In 1839, the English playwright Edward Bulwer-Lytton (don’t feel bad, I never heard of him, either) put the famous words “the pen is mightier than the sword” into the mouth of his villainous character, Cardinal Richelieu, for his play “Richelieu; Or the
Last time, we had space to discuss Rambam’s reconstruction of how and when Avraham found his way to understanding Hashem’s role in the world. Once that happened, Rambam tells us in the section we’re reviewing this week, he began to argue with those around him (Rambam’s phrase is “made responses to… and litigated with
Everybody loves Chanukah. It’s actually quite cool to go to a mall or major department store and see “Happy Chanukah” right up there next to “Merry Something or Other.” Even those venues that exclude mentioning the specific celebrations and just say “Happy
This is the first in a series on places where Rambam incorporates material that would not seem to be fully halachic. Part of the impetus for this comes from an article (and concern) of my late teacher, Prof. Isadore (Yitzchak) Twersky, z”l, who, early in his academic career, published an article titled “Some Non-Halachic
This is a hard parsha. Please, forgive me, but when I read this Torah reading, I can’t help but imagine what a movie of this episode would look like if directed by Quentin Tarantino. And then I have nightmares. If I have a reader out there who doesn’t know
Maharal bases his ideas of how the days of Mashiach will look in Talmudic texts. He cites them at length, and goes through them step by step, interpreting them in the way that reveals his view of the Messianic world. Those interpretations, however, aren’t simple or obvious, and would take us too much time to engage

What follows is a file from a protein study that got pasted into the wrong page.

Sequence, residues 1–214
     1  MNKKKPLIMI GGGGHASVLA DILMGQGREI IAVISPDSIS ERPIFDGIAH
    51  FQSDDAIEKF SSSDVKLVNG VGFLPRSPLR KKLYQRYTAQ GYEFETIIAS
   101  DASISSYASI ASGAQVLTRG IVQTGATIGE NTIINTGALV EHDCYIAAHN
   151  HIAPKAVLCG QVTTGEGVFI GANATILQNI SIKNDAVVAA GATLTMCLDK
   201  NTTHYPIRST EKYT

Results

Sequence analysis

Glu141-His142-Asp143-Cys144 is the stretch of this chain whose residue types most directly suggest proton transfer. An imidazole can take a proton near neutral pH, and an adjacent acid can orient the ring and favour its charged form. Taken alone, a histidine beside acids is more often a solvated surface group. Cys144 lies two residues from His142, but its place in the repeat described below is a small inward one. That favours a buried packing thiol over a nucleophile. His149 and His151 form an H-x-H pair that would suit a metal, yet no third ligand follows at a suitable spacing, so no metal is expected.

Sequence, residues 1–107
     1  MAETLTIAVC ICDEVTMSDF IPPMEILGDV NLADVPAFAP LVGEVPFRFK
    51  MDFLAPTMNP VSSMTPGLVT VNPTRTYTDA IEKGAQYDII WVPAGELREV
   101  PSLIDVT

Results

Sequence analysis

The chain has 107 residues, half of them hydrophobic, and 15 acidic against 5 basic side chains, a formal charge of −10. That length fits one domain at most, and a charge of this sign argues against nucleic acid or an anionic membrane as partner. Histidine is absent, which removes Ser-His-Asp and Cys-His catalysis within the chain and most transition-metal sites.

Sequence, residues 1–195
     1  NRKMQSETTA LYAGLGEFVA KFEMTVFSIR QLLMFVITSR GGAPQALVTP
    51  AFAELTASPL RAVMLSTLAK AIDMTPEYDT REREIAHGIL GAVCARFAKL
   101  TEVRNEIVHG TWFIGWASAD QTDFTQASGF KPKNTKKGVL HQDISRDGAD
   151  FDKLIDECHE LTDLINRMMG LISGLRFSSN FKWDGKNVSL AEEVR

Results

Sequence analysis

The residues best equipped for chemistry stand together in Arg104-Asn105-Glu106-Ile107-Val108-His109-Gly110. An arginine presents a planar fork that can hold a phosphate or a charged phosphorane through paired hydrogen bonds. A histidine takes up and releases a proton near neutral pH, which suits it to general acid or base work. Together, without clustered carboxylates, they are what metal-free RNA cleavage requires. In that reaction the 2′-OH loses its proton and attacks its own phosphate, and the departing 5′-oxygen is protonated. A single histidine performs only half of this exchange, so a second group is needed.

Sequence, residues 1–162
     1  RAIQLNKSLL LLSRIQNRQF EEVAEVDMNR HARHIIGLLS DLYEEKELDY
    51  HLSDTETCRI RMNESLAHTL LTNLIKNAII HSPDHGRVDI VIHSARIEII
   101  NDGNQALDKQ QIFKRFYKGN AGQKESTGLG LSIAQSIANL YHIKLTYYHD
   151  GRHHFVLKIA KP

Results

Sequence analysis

A couple of weeks ago I wrote about the Oedipus complex and the generation gap. I tried to present a picture of Judaism doing its best to avoid enmity between the generations. However, I left unsaid the nasty problem that does haunt the book of Genesis: sibling rivalry. Da dum! This violent and vile problem begins with the first
Mashmia Yeshua is a book about the prophets who predicted salvation for the Jewish people. In theory, Abarbanel could have shared only those prophecies that had new information about the Messianic era, and noted in the introduction or conclusion that he’s skipped many prophecies that echo these.
Many people believe that the central myth of Western civilization is the Oedipus story from ancient Greece. Oedipus was born to King Laius and Queen Jocasta of Thebes. Laius heard a prophecy that his son would end up killing his father and marrying his mother, thereby bringing disaster to his city and family. He wished to thwart
Abarbanel deals with Yeshayahu’s vision of the Messianic era at remarkable length. [I find it especially remarkable because he was pre-printing, mostly, so that to write at such length implies a confidence in readers’ willingness to transcribe this that is itself eye-popping.] As I said last time, I don’t intend to summarize
There’s a very famous story about Reb Zusha of Anipoli (1718-1800). He was one of the most beloved Chasidic leaders of the third generation of the movement, and the brother of Reb Elimelech of Lizhensk. Anyway, the story is told of Zusha, who lay on his deathbed surrounded by all
Welcome to a new series for Torah Musings, discussing views of the Messianic era in Jewish thought.
Introduction to Chelek, a Powerful and Remarkable King Messiah
One of the later chapters of Sanhedrin (the last in the Gemara, second to last